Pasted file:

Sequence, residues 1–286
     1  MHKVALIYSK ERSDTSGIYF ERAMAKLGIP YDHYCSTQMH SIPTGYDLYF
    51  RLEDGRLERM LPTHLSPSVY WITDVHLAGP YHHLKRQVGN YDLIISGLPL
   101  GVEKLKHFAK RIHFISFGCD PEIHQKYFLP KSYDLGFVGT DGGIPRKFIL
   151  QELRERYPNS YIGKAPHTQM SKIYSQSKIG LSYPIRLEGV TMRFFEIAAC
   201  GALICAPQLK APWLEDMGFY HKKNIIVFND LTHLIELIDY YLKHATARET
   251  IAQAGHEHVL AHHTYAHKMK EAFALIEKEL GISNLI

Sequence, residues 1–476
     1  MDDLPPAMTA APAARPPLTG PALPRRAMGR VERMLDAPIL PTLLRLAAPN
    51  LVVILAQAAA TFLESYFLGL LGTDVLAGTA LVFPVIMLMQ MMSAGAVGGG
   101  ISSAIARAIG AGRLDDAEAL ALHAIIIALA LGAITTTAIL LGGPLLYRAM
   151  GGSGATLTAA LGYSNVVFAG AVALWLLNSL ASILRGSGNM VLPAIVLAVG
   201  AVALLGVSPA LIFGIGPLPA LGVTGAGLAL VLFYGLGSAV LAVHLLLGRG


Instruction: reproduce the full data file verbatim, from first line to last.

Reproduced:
Sequence, residues 1–286
     1  MHKVALIYSK ERSDTSGIYF ERAMAKLGIP YDHYCSTQMH SIPTGYDLYF
    51  RLEDGRLERM LPTHLSPSVY WITDVHLAGP YHHLKRQVGN YDLIISGLPL
   101  GVEKLKHFAK RIHFISFGCD PEIHQKYFLP KSYDLGFVGT DGGIPRKFIL
   151  QELRERYPNS YIGKAPHTQM SKIYSQSKIG LSYPIRLEGV TMRFFEIAAC
   201  GALICAPQLK APWLEDMGFY HKKNIIVFND LTHLIELIDY YLKHATARET
   251  IAQAGHEHVL AHHTYAHKMK EAFALIEKEL GISNLI

Sequence, residues 1–476
     1  MDDLPPAMTA APAARPPLTG PALPRRAMGR VERMLDAPIL PTLLRLAAPN
    51  LVVILAQAAA TFLESYFLGL LGTDVLAGTA LVFPVIMLMQ MMSAGAVGGG
   101  ISSAIARAIG AGRLDDAEAL ALHAIIIALA LGAITTTAIL LGGPLLYRAM
   151  GGSGATLTAA LGYSNVVFAG AVALWLLNSL ASILRGSGNM VLPAIVLAVG
   201  AVALLGVSPA LIFGIGPLPA LGVTGAGLAL VLFYGLGSAV LAVHLLLGRG